Saturday, December 8, 2018

Genesis Post 69 - Jacob and Joseph Laid to Rest (Chapter 50)

The final chapter of Genesis finds Joseph weeping over his father who has just passed away. He arranges for a grand Egyptian brouhaha which includes an embalming process and 70 days of mourning.

This was a big honor, as Egyptian royalty were mourned for 72 days.

This is probably the most elaborate funeral depiction in all of Scripture. The first twelve verses are dedicated to its description. Jacob is the last of the patriarchs, the last link to the ancient world. His grandfather hung around with the sons of Noah. Scripture often reminds us that we serve the God of Abraham, Isaac, and Jacob.

When the mourning is over, Joseph appeals to Pharaoh to request a trip to Hebron to bury his father, promising to return.  Did he think Pharaoh would doubt his return?

Of course you must go, says Pharaoh.

A huge number of people head to Jacob's burial in verses 7-9, including Joseph's entire household, the brothers, chariots, horsemen, and a huge list of who's who in Egyptian gentry.  The only ones left behind were the little ones and the flocks (and I assume servants or nursemaids to care for them).

Jacob's funeral
Now Joseph’s brothers are a little nervous. They think that now that Jacob is dead, Joseph will hate them and punish them for the evil that they did. They have no problem admitting that it was evil.They put it on their dead father, and they were probably telling a fib here. He told us to tell you this.

How does Joseph react? He cries. Guys, don’t you really believe that I actually have forgiven you??

One thing I have noticed about the whole story of Joseph is that he is never once portrayed as unrighteous.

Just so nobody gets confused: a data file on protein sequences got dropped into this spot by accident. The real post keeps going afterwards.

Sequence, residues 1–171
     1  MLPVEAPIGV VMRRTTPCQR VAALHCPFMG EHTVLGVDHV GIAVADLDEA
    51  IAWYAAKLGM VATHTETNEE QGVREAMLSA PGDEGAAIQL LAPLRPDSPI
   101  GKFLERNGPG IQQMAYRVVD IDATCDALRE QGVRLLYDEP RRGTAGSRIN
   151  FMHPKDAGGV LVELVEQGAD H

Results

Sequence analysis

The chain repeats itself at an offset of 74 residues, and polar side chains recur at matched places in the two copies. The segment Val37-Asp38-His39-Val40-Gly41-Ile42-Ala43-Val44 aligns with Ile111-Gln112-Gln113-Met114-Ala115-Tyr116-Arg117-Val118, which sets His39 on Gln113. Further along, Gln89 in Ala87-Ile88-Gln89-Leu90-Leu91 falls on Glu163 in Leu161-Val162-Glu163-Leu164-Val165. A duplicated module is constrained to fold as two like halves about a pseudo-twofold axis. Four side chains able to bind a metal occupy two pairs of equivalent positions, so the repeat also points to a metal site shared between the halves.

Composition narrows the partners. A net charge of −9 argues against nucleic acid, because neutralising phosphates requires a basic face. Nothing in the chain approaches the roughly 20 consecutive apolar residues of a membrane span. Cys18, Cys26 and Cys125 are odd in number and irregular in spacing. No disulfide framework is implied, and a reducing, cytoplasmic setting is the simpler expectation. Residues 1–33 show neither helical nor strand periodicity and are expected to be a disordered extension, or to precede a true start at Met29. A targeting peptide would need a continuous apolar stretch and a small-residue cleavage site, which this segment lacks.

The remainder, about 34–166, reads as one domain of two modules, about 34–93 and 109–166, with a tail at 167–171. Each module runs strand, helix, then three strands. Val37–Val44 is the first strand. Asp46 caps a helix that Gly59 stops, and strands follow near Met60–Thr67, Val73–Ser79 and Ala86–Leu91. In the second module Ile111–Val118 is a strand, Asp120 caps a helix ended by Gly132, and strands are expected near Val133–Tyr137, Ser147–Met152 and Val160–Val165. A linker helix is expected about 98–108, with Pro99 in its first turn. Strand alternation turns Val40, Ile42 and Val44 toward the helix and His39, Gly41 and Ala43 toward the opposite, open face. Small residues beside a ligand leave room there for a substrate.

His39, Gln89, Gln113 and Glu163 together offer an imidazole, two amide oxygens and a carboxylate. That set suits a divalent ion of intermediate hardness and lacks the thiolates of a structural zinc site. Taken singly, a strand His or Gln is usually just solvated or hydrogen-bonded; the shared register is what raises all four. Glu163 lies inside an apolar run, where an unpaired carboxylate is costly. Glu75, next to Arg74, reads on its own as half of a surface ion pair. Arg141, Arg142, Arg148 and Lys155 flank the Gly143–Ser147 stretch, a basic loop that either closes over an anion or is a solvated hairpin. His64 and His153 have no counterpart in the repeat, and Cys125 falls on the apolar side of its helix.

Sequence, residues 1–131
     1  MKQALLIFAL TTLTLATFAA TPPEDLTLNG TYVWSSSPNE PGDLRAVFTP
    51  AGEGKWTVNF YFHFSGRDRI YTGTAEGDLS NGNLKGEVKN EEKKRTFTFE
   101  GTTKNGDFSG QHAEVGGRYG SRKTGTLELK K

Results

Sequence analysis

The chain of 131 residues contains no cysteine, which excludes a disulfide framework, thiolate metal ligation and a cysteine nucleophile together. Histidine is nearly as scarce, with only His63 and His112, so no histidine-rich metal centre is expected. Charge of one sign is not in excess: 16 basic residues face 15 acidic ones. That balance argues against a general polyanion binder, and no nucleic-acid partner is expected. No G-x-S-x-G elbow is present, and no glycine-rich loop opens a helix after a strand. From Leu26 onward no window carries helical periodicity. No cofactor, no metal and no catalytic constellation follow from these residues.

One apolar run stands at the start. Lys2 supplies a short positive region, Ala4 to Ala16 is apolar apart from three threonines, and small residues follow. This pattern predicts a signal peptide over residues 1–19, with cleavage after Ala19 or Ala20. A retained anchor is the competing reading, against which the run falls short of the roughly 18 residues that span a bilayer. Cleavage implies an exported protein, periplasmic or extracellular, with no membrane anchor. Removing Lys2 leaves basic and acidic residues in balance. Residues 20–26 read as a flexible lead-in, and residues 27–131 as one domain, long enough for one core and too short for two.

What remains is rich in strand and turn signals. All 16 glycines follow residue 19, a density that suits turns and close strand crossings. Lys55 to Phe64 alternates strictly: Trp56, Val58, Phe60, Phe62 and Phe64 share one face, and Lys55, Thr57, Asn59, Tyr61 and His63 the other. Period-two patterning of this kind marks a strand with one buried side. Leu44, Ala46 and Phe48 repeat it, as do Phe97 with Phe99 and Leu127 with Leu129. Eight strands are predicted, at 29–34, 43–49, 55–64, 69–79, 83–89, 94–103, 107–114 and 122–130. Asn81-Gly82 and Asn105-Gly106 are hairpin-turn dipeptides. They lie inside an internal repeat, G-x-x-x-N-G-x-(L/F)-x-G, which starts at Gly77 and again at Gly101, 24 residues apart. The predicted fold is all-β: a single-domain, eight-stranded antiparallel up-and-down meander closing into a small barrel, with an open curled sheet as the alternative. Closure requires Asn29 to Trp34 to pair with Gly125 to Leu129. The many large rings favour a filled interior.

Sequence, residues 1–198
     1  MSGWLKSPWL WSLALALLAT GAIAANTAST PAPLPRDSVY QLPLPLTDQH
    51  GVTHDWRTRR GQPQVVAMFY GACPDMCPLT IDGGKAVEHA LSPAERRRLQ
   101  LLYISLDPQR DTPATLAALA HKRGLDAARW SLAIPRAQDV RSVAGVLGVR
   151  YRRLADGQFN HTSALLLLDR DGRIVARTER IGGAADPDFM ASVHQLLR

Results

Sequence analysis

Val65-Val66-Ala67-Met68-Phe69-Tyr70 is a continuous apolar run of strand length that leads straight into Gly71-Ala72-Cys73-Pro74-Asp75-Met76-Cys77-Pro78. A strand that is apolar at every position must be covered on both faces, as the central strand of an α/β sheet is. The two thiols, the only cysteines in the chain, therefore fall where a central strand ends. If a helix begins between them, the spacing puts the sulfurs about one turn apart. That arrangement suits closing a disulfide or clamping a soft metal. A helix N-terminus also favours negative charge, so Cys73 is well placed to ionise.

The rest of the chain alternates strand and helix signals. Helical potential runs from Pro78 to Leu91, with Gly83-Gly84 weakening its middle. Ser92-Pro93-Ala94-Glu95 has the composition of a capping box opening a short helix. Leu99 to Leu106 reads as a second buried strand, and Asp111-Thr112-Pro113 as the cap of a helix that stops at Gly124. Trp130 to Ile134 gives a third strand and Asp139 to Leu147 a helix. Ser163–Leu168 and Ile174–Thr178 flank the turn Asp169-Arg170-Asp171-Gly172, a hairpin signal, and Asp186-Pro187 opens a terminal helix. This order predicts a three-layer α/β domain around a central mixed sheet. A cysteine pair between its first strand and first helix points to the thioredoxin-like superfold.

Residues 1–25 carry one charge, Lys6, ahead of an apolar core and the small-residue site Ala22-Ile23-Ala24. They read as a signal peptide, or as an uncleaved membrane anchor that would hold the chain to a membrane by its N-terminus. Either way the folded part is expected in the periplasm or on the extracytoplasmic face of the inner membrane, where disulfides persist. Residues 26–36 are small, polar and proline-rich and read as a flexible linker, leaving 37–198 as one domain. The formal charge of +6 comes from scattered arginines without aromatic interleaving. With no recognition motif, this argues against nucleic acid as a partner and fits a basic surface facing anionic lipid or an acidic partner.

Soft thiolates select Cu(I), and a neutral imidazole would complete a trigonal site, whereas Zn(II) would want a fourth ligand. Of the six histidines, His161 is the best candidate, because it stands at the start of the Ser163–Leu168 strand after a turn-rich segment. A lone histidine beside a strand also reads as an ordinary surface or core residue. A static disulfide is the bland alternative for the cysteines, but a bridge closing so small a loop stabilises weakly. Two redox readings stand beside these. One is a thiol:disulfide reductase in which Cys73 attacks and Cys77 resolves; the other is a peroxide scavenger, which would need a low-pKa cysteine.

Here we have another prophetic picture of Yeshua, in that Yeshua had no sin. I’m not saying Joseph had no sin, but it is never portrayed in this account of his life. The closest he comes is when he brags to his brothers about his dreams. But even that is a picture of Yeshua… Making bold, audacious claims that irritated his brothers, even though the claims were true.

So Joseph reassures his brothers that they were safe, and he says to them, am I God? In this way he is telling his brothers he is in no place to judge. And in fact Jesus did not come to judge the world and his first coming but to save it. He will judge the world at his second coming. See John 3:17.

Joseph tells his brothers, yep, what you did was evil, but God meant it for good. He does not sugar coat the sin of his brothers; he tells one truth, but then he tells an even greater truth. 

In the case of Yeshua, the Jewish leaders meant his death for evil.  But of course, God meant it for good because it was the instrument that would save the whole world.

Joseph then speaks kindly to his brothers and assures them that he would take care of care of them and their little ones. And he does. He does not just tell them his love, he showed them his love by his actions. In the same way, our Messiah takes care of us.

Then we see that Joseph lives for exactly 110 years, which is the Egyptian ideal. He was blessed to see three generations of his descendants live. The chapter wraps up with Joseph’s death.

The funeral of Joseph is very short and sweet, at least what is recorded of it in the final three verses of Genesis. It is nothing like Jacob’s.  Could this be another parallel to Yeshua, whose time in the grave was so short?

Genesis ends with the promise of the land. Joseph knows he does not want his bones left in a strange land, but desires to be buried in the land of is forefathers - the land that God promised Abraham as an everlasting promise.

Thus ends the magnificent and foundational book of Genesis.  Here is a quick recap:

The first eleven chapters give us details on the creation of the world, the nephilim, the flood, the Tower of Babel, and the early nations.

Beginning in verse 12 and for the remainder of the book, the focus narrows greatly to the formation of the nation of Israel, beginning with faithful Abraham.

Peppered throughout the book is God’s repeated promise of the land (Israel), the Seed (the Messiah), and the blessing (salvation to the whole world). Such a foundational truth that has great implications for us even today.

I will end this series with my favorite piece of artwork, painted by a messianic believer in the land of Israel.


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